Every journalist arrives at such definite conclusions, whereas they should be stickler for facts, and the purveyor of truth, but they believe in police version of a crime. This shows their incompetence. In 2012, when police and mediamen were informed by the locals of the Gagode Budruk village in Pen in Raigarh district of Maharashtra about a partially decomposed body, they did visit the site, but didn’t bother to file an FIR and conduct proper investigations, though there were tell-tale signs of foul play. There is still no forensic evidence to prove that the body was Sheena’s. Yet, systematic leaks from the police have been lapped up by information hungry reporters, who then duly pass it on to the higher-ups, who, in turn, dress up facts for mass consumption. Who doesn’t love a scandal? It ensures readership; boosts TRP, and with every new revelation — however bizarre and conflicting it might be — salacious gossip becomes the driving force of journalism. This is not to say that Indrani is above suspicion. But, at this point, the media spectacle is framed by the presumption of guilt — a dangerous idea, one that can influence the course of investigations and colour the opinion of the judiciary. It has happened before, during the investigations and the trial of the double murder case of Aarushi and Hemraj. Back then, like now, the media-conducted trial had proved to be extremely damaging for Rajesh and Nupur Talwar, the dentist parents of Aarushi. Back then, like now, something vital, something integral to the existence of society was missing — The presumption of innocence — without which institutions will crumble and the human collective that goes by the name of civilisation will lose direction. You either get North Korea or chaos. Take your pick, as a serving judge put it: “The presumption of innocence is fundamental to anything that claims to call itself a civilised society.”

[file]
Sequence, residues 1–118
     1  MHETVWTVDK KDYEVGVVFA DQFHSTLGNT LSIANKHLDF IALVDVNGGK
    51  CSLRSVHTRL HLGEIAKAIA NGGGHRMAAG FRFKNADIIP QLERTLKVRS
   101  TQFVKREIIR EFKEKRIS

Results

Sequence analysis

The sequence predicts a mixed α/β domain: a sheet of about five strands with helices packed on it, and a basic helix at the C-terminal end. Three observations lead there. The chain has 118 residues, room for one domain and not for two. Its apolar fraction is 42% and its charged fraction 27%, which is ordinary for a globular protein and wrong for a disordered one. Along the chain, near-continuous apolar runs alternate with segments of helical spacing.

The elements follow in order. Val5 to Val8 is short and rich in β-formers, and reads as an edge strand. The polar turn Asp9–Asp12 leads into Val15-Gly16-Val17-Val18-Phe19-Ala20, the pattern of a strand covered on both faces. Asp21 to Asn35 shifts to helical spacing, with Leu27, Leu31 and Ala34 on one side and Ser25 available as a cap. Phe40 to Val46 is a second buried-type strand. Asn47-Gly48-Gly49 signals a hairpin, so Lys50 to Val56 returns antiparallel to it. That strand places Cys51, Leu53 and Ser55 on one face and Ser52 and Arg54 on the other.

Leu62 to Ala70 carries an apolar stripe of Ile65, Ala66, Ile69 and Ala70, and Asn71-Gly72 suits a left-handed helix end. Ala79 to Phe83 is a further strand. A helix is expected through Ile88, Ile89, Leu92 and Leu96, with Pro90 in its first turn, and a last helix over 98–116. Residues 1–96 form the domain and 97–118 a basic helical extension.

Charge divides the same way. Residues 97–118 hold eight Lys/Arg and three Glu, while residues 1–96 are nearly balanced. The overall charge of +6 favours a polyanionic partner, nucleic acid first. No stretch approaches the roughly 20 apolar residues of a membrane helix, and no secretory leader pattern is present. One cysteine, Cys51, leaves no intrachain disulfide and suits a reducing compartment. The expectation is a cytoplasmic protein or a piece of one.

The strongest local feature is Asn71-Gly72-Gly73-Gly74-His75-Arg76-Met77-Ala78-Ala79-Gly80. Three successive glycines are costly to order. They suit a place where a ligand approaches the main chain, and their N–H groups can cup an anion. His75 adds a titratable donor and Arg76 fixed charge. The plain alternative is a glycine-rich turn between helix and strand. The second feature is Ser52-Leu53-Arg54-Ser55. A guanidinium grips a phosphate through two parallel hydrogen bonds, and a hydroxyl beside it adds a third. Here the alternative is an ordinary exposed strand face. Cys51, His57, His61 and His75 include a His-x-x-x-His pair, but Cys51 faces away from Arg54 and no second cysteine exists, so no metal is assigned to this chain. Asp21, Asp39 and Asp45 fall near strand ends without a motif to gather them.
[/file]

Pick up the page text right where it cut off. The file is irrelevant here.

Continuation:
It is in this context that one should read and revisit Avirook Sen’s book Aarushi, which, apart from being a compelling read and a thorough work of journalism, time and again reminds us of the pitfalls of inaccurate reporting and ill-formed conclusions. And, it’s scary when responsible voices in the media indulge in this exercise because of the impact it can have on the public psyche. In her review of the book on The Wire, Pulitzer award winning journalist Ellen Barry’s observation, “Just because the prosecution was flawed doesn’t mean they didn’t do it,” comes from an already made-up mind, one that has presumed the Talwars guilty and hence worthy of punishment. In one line, Ms. Barry turns a fundamental principal of justice — and civilisation — upside down. The fine mind that she is, she should know that the book Aarushi is not about Sen being caught in the “trap of his sympathies” for the Talwars. Nor is he supposed to play the sleuth “after handily hollowing out the reader’s confidence in the state’s fact finding”, and track down the actual murderers. His job was to stick to facts and resist the temptation to make a subjective judgment. Sen has done exactly that. He has highlighted a series of prosecution lapses, which is more than sufficient to show that the CBI had completely botched up the case in their singular focus on painting the Talwars guilty; and that alone should have been sufficient ground to acquit the couple. Aarushi is a must read for those who have blind faith in the judiciary — the CBI, anyway, had lost its reputation long ago. Nonetheless, it’s scary to discover that a premier investigative agency can overlook crucial pieces of evidence — such as Hemraj’s DNA was found on Krishna’s (a domestic help) pillow cover — and fudge facts to bolster its narrative of the Talwars as criminals. Where the judge had started writing the judgment much before the defence’s final hearing.